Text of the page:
As 'Lay of the Land,' I'm a dish served up on a platter of print in the Sunday Independent every week. Unfortunately, some diners have developed moral indigestion, with the Hunting Association of Ireland (HAI) suggesting that my 'rural' column falls foul of the Trade Descriptions Act.
This criticism was made following a piece I wrote about 'cubbing', as foxhunters refer to their 'sport' of setting packs of hounds on fox cubs.
Well, pardon me, but this isn't something you're likely to see on any city high street.
The situation I outlined is accurate.
Maybe the HAI, being the national body that coordinates and promotes hunting with hounds, just doesn't like me saying things the way they are.
Allow me the same liberty to measure their 'sport' against the Trade Descriptions Act. For most people, sport is generally a contest between a willing set of players, who compete on a level playing field. How does that match up to people on horseback and foot, armed with whips and packs of hounds, blocking up an unwilling opponent's escape outlets in advance? Or trapping hares and forcing them to endure trauma and potentially fatal injuries from being chased by huge dogs?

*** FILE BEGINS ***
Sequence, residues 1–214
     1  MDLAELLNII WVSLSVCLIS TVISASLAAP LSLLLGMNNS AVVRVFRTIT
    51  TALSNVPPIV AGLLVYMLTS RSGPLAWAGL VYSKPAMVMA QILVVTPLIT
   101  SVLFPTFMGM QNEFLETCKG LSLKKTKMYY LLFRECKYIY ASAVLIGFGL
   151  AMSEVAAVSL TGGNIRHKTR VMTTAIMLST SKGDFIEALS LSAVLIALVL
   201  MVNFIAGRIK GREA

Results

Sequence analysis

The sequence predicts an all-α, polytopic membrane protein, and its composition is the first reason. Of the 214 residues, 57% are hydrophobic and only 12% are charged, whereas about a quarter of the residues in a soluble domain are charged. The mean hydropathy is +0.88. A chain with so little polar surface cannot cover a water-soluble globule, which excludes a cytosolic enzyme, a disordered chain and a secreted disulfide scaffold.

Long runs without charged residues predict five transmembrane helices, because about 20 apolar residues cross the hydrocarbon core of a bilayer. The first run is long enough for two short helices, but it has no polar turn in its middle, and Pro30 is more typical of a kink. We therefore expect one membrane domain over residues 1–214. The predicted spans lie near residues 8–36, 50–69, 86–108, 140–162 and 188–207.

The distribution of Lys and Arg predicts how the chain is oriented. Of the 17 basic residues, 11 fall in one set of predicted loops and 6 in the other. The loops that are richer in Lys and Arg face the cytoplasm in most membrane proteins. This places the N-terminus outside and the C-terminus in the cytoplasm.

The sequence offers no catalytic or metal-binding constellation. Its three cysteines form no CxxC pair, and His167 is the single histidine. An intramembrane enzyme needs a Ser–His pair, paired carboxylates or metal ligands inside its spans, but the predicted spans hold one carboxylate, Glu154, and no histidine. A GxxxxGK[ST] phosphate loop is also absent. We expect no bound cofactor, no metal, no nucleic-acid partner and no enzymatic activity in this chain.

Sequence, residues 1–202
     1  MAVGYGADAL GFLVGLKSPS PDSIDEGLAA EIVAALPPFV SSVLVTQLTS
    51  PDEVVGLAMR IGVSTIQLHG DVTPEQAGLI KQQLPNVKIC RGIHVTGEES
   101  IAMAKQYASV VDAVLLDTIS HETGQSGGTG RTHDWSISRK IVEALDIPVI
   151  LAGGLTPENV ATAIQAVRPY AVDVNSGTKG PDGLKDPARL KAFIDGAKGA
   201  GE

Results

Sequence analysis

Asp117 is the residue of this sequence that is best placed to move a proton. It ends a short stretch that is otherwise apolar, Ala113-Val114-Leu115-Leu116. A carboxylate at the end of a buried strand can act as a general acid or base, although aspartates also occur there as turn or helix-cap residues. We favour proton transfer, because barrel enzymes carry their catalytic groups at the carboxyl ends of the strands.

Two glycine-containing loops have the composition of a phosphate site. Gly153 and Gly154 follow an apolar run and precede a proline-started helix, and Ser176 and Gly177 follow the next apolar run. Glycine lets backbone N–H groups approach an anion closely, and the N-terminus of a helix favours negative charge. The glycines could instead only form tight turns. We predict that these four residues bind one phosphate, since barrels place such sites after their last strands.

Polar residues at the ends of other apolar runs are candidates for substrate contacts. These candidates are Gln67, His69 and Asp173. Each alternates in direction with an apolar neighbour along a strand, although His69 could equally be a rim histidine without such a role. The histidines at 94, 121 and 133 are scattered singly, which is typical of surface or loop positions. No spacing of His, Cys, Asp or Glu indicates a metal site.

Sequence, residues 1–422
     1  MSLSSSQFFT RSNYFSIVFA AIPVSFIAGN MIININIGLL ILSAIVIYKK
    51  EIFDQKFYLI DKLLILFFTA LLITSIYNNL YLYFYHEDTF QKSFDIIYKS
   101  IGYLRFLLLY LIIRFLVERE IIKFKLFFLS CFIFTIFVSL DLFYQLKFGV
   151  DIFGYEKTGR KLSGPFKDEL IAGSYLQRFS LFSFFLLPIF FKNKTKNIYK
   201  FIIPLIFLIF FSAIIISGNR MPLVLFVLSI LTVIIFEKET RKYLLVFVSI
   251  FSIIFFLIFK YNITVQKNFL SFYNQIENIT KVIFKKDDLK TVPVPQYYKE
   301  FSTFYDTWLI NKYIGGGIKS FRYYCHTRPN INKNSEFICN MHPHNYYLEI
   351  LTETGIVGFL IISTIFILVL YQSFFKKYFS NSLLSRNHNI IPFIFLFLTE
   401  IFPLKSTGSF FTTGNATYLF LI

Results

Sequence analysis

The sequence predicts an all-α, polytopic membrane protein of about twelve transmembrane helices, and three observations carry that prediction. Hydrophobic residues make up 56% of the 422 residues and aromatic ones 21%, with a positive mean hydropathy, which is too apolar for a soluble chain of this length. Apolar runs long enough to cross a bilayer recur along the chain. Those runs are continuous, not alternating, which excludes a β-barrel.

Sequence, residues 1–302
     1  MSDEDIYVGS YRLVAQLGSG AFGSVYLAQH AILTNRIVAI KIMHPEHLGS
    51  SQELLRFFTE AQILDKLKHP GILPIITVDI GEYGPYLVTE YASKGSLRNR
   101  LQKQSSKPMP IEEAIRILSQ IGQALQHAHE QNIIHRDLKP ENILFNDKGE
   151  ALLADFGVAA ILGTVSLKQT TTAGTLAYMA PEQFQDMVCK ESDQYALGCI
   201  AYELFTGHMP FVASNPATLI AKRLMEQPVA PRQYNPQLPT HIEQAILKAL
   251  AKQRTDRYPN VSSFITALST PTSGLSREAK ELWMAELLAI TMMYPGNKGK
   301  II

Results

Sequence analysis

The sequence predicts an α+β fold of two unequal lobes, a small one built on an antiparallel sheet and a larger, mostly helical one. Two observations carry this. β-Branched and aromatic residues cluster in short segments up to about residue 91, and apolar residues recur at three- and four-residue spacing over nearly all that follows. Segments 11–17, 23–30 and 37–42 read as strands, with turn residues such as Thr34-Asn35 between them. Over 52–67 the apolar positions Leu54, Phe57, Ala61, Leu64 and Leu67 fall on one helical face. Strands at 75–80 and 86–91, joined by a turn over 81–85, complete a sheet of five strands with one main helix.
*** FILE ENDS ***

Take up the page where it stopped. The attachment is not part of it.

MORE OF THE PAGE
However, foxhunting does introduce a novel phenomenon to the athletic world.
Move over 'bad loser' and say hello to 'rotten winner'. What other 'sport' defines victory by ripping its opponent to shreds?
As for privilege, I wield no greater weapon than an ageing laptop.
What about the foxhunter's privileged position on his high horse, or armed with guns?
The HAI believes blood 'sports' are justified because they're a tradition "that goes back through history for centuries." So what? So did witch hunts and slavery.
You know what else is a tradition? Standing up for the underdog.
This is especially relevant, now that animals have been recognised by EU law as 'sentient beings' that can suffer and feel pain.
Hunters may "live for their weekend hunting." But should that give them the right to allow suffering animals to die for it?
All my columns are not about animals. But strangely, the HAI doesn't seem to find these other pieces noteworthy.
Here's the deal. I'll write about the proliferation of ragwort, as the HAI helpfully suggest, if they stop giving me reasons to focus on animal cruelty.
Fortunately, like the HAI, I can speak up for myself. It's a privilege we share.
The tragedy is that other creatures on this island cannot.